Greece's banking industry is being supported by a secret multi-billion euro emergency liquidity fund from the European Central Bank (ECB).
That is according to a report in the Financial Times today (22 May), which has revealed the central institution is currently providing a sum of around €100 billion ($128 billion) to protect the struggling country's financial system.
Although no specific details of the plan have been announced by the ECB, it is thought this use of its emergency liquidity assistance (ELA) budget would be withdrawn should Greece leave the eurozone.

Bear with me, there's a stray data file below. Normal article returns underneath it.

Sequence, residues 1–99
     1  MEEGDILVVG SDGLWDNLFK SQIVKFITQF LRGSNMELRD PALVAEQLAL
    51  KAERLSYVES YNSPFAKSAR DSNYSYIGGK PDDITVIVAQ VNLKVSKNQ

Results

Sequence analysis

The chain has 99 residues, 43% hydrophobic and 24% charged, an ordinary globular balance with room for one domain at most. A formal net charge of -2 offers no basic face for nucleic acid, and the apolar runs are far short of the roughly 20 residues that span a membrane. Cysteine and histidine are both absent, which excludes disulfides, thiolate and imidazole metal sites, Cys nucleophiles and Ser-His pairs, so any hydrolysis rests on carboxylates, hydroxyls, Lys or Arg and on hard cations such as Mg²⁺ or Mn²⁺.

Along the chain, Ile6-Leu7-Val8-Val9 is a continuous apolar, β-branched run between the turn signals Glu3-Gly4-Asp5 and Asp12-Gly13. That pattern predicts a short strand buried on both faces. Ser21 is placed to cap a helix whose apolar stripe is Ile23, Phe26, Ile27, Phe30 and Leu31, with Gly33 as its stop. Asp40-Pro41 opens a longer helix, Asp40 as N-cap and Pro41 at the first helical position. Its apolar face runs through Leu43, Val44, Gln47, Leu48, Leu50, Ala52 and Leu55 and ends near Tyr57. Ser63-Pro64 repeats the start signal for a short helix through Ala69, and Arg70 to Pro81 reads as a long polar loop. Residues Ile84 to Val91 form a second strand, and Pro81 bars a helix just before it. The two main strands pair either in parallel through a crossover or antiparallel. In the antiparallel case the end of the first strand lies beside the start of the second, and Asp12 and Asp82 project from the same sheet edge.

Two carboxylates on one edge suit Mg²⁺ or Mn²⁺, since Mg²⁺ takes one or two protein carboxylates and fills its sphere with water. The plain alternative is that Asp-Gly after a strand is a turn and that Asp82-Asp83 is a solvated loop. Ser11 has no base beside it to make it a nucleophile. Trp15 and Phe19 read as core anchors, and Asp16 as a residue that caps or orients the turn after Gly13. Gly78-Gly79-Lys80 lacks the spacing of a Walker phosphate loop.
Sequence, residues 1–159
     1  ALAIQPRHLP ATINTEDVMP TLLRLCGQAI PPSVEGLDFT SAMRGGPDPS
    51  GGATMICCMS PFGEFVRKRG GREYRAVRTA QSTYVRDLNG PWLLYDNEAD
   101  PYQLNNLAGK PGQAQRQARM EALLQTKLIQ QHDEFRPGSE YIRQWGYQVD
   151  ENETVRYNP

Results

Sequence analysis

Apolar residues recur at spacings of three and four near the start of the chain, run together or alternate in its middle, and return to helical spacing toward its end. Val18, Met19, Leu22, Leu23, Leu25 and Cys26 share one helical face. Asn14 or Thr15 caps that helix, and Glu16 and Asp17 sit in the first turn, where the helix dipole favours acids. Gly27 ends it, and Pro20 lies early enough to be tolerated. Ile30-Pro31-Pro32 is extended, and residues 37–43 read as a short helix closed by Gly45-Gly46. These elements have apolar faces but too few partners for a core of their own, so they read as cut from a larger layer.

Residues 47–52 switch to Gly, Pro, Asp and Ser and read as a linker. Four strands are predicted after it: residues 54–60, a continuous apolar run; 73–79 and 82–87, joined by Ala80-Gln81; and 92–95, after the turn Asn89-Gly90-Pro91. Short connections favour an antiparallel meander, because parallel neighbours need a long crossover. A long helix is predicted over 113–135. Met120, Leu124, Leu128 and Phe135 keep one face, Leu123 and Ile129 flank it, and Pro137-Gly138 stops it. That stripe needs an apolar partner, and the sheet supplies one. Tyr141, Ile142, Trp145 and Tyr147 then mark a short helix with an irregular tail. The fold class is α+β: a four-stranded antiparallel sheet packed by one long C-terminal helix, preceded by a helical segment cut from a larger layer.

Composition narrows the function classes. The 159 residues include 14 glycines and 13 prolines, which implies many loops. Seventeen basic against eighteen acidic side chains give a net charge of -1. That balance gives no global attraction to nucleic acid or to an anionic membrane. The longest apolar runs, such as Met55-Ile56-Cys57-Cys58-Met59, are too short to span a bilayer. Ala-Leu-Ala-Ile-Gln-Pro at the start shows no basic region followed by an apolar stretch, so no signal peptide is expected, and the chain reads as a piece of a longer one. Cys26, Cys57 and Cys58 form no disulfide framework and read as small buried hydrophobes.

Throughout the region's debt crisis, the ELA has not been facilitated regularly by the ECB but was used to assist Ireland at the height of its problems and is now seen as crucial in the rescue efforts for Greece.
Discussing why this huge sum of liquidity had been kept quiet, governor of the Belgian central bank Luc Coene commented: "You don't say when you are in an emergency situation, because then you make the situation worse. So I really don't see the usefulness of being more transparent."
By Claire Archer